Wednesday, August 16, 2006

I'm Not Wild About That Extra Card

I miss the American League East. I don't mean the bastardized version we are witness to now. I mean the OLD AL East -- the one the Tigers once occupied, along with the Blue Jays, the Red Sox, the Yankees, the Brewers, the Indians, and the Orioles. I miss the late '80's and 90's, when it seemed like the divisional crown got passed around like a peace pipe. To wit:

1982 Milwaukee
1983 Baltimore
1984 Detroit
1985 Toronto
1986 Boston
1987 Detroit
1988 Boston
1989 Toronto
1990 Boston
1991 Toronto

That's ten seasons, and five different winners, including a different one every year from 1982-86. You gotta love it.

I'm sorry, but I miss the old two-divisional format. It was the closest thing we had to a "true" pennant race since, well, the ONE divisional format.

The '68 Tigers were the last true pennant winners, if you ask the oldtimers. MLB split itself, like an amoeba, into four divisions for the 1969 season -- partly due to expansion. Each league grew to 12 teams in '69, and I suppose the powers that be felt uncomfortable with league standings that would have a dozen teams listed on top of each other. They felt -- and I suppose you can't blame them -- that putting twelve teams together would be akin to placing both legs into one stocking. But more than that, the idea of a 12-team division, with perhaps half the league out of contention by the All-Star break, probably gave the owners the creeps.

The solution? TWO divisions, six teams each. Winners play each other in a best-of-five championship series to determine the league pennant. So long, traditional pennant race. Hello, sweating out mini-series -- if you're the odds-on favorite.

The 1984 Tigers won 104 games. The AL West champion Royals won 84 games -- a 20-game differential. Yet because of baseball's silly back-and-forth home field advantage at the time, it was the West champion's turn to host Games 1,2 and 5 (if necessary). So the Tigers, 20 games better than Kansas City, had to start the ALCS at Royals Stadium. Fair? Hardly. Sure, the Tigers swept, but they should NOT have started that series on the road. They started the World Series away from Detroit, too.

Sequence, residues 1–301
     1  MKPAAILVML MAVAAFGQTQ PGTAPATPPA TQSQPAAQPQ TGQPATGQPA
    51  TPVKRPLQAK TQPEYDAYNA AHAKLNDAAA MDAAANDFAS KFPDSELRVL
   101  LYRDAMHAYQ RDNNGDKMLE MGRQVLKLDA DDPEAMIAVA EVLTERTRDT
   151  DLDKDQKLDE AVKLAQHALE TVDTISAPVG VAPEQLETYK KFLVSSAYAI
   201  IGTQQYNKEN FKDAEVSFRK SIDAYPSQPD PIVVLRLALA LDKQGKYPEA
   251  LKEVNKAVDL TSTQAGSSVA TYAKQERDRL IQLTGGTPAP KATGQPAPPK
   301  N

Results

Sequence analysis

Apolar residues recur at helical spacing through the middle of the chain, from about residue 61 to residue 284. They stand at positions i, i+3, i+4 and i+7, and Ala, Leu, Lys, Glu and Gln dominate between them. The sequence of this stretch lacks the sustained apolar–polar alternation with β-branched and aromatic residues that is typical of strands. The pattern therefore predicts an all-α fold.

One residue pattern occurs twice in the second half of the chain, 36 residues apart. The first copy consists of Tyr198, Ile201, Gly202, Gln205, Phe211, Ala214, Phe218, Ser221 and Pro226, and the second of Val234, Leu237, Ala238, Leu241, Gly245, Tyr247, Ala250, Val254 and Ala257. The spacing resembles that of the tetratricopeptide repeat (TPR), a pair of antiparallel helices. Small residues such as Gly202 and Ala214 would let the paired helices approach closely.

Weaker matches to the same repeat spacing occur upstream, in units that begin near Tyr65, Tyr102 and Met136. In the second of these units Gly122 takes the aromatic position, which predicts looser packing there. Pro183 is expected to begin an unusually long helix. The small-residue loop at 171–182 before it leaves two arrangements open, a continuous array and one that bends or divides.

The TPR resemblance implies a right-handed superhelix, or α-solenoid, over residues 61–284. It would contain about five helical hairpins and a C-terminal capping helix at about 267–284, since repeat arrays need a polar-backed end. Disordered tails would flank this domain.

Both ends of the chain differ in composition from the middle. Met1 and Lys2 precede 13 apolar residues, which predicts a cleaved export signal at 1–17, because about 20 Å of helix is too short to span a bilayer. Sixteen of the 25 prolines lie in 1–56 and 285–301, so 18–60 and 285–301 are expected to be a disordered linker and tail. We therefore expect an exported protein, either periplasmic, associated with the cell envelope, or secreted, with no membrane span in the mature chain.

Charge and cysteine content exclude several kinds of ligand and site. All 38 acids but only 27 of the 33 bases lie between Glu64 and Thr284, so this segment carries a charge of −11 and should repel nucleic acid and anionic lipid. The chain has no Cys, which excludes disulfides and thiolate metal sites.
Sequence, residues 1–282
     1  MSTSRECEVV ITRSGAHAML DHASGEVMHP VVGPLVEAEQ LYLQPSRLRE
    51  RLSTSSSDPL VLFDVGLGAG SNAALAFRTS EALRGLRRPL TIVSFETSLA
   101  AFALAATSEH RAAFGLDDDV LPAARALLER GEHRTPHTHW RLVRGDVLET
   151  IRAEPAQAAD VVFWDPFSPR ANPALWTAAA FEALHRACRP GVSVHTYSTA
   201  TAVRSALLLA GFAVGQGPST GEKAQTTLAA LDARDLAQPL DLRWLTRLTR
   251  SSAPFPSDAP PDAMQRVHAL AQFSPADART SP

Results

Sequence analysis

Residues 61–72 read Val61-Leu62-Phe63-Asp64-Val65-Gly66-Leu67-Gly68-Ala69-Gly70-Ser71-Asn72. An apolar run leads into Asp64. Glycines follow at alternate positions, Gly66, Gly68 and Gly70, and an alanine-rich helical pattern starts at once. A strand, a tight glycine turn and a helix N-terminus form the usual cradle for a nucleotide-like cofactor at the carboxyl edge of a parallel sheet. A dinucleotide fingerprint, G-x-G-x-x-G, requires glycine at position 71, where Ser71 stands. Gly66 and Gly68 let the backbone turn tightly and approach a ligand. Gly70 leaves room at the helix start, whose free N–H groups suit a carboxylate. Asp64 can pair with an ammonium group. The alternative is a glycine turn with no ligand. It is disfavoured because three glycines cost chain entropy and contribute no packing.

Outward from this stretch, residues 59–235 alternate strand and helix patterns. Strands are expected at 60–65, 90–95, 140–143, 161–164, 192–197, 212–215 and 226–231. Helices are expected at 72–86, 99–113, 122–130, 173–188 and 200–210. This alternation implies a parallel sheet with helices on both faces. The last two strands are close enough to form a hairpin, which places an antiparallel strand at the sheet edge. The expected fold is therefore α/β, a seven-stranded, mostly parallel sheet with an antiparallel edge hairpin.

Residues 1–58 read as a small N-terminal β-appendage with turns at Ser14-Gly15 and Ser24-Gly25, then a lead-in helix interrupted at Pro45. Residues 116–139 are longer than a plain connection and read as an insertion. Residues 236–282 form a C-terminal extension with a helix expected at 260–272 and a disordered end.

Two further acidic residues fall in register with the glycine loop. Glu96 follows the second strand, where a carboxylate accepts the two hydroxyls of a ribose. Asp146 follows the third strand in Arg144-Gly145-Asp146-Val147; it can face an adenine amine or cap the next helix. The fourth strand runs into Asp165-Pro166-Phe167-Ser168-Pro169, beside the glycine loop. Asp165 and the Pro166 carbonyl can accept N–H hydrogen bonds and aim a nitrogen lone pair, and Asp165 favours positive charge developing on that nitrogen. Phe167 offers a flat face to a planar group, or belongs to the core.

I'm ranting about this because I don't think MLB should have a wild card. And here's why.

In 1978, the Yankees made their incredible comeback from 14 games behind in July to force a single-game playoff for the AL East flag with Boston. That game, of course, is remembered for Bucky Dent's homerun that won it for New York. Loser go home in that instance. So the Red Sox, despite their 99-64 record, would watch the AL playoffs from home, just like the rest of the 13 teams.

With a wild card, the Red Sox would have qualified for the postseason despite their loss to New York in the playoff. So how thrilling would that "Bucky Dent game" have been, indeed -- knowing that whomever lost was still in the playoffs?

In 1967, the Tigers were involved in a terrific pennant chase, along with Boston and Minnesota. The race wasn't decided until the final hours of the season, when Dick McAuliffe hit into a game-ending double play against the Angels, sealing the pennant for the Red Sox. It was the only DP McAuliffe hit into all season. But with a wild card, that game-ending DP would have been a whole lot easier to swallow.

The Tigers are now embroiled in what should be a nip-and-tuck, heart-pounding tug-of-war (is that enough hyphens for one sentence?) with the White Sox, and maybe the Twins, for the AL Central crown. But it isn't, quite, because the wild card is currently placing the White Sox in the playoffs anyway, whether they overtake the Tigers or not.

I know why baseball is doing this, and why they won't ever rescind it: MONEY. The more teams they can involve in a "pennant" chase -- no matter how paper it might be -- the more fan interest in those cities and, presumably, the higher the attendance. In the National League, this means that teams with records below .500 are actually in the wild card race. In mid-August.

But even though I know why, it doesn't mean I have to like it.

Sure, if the Tigers were to ever qualify for the bastardized playoffs via the wild card, I'd be cheering them just like everyone else. Yet even if it were to benefit our boys, I'm still against it in principle. The AL has 14 teams, the NL 16. Why can't we go back to four divisions? That'd make it seven per division in the AL, and eight per in the NL. Do-able, because from 1969-93, that's how it was done, pretty much, anyway.

Baseball somehow managed to survive about a hundred years without a wild card. Was it broken?

2 comments:

Ozz said...

Think about how many years baseball survived without things like night baseball, franchise shifting and expansion, free agency, the DH, artificial turf and domed stadiums and stadiums with retractable roofs.

We live in a different world than the one that guys like Mr. Cobb and Mr. Greenberg lived in, and so it goes without saying that as time goes by, we're going to watch a different game than the one those guys and their peers played.

With every subsequent change, a little purity has been sacrificed in the name of progress and evolution. Whether or not it's been for the better depends on one's perspective. Who knows what kinds of changes are in store for the generations of fans that follow us?

I'm not really sure what my point is or if I even have one. I guess that even though Ty and Hammerin' Hank may not immediately recognize today's game of baseball on the surface, at it's heart, it's still the same game. I guess I enjoy it so much that I'm willing to accept whatever changes come its way, whether they immediately seem worth it or not.

Greg Eno said...

Well, there's a difference between "getting used to" and "liking"....but I understand your point.